As a residential condominium owner at 40 Mercer St. and also a member of the Broadway Soho Business Improvement District Steering Committee, I support the BID as the best way to make Soho a more livable neighborhood. A BID allows residents like me, businesses and others to work together to address community issues and to provide services, such as sidewalk cleaning, which Broadway desperately needs.

By law, the BID board of directors must represent each property-owner group, as well as resident and commercial tenants, along with government and community board representatives providing oversight. As one of the 146 residential condo owners living on Broadway between Houston and Canal Sts., I look forward to ensuring that the residential perspective is always strongly considered during the decision-making process.

I and the other resident condo owners each pay $1 per year in BID assessments — one dollar. And each of the 14 residential co-operative properties will pay that same $1 per year.

We, the residents of the Broadway Soho BID, have participated in the BID-forming process, and the BID Steering Committee has responded to the concerns of residents — so why do opponents say this is a takeover by big real estate developers?

The BID proposal is good for residents. While the commercial property owners would be paying almost 100 percent of the BID’s proposed $550,000 budget, I am confident that residents will benefit. Let’s examine the facts. Let’s stop living in the past and decide to address Broadway the way it is today — and make it better for tomorrow.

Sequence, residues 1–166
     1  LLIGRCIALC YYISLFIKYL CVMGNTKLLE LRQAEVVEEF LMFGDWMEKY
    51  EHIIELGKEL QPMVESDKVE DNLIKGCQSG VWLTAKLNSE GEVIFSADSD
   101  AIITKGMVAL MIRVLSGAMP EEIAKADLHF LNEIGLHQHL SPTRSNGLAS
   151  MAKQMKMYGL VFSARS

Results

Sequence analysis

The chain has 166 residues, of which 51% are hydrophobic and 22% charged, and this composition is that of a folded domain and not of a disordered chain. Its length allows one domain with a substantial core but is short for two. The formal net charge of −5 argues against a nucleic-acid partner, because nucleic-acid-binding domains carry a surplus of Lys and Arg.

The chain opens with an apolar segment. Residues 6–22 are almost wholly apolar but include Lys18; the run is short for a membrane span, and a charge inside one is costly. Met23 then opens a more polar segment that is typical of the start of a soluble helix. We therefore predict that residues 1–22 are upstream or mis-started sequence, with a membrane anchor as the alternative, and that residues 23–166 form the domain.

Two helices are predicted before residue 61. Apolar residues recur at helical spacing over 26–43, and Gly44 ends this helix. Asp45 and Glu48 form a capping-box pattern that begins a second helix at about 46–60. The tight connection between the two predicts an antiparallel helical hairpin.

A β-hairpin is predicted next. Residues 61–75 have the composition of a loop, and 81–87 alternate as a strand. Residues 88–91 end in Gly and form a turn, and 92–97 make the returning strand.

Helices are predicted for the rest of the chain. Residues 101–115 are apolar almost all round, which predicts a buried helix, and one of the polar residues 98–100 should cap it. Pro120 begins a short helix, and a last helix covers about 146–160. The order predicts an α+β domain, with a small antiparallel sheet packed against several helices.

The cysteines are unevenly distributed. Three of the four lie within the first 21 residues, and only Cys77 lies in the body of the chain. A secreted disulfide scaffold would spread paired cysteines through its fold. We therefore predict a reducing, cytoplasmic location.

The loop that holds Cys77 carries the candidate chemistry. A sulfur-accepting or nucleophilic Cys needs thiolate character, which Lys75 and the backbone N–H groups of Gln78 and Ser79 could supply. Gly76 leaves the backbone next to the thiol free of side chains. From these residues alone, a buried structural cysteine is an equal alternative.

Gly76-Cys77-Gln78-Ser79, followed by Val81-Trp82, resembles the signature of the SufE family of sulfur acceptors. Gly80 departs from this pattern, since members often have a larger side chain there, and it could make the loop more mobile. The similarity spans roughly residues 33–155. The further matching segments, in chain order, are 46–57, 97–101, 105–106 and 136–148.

Let’s support the Broadway Soho BID.

Alan Ballinger

BID will benefit us all

To The Editor:

I have a unique perspective of the BID since I have been a Soho resident for nearly a decade and am the vice president of a company that has significant investments in the neighborhood. I am writing you this letter on behalf of myself, all of my Soho residential neighbors and the businesses throughout the neighborhood, since we all need the Soho BID.

Our company, Aurora Capital, owns and manages several of the largest retail spaces on Broadway, including the stores occupied by Armani Exchange, Forever 21, Hollister and Victoria’s Secret, which are all located within the proposed Broadway Soho BID. Our building at 568 Broadway, located at the northeast corner of Prince St., is one of the largest office buildings in the neighborhood. While collectively we will pay the highest annual BID assessments, we support this worthwhile opportunity for owners, businesses and residents alike, to work together for a better neighborhood.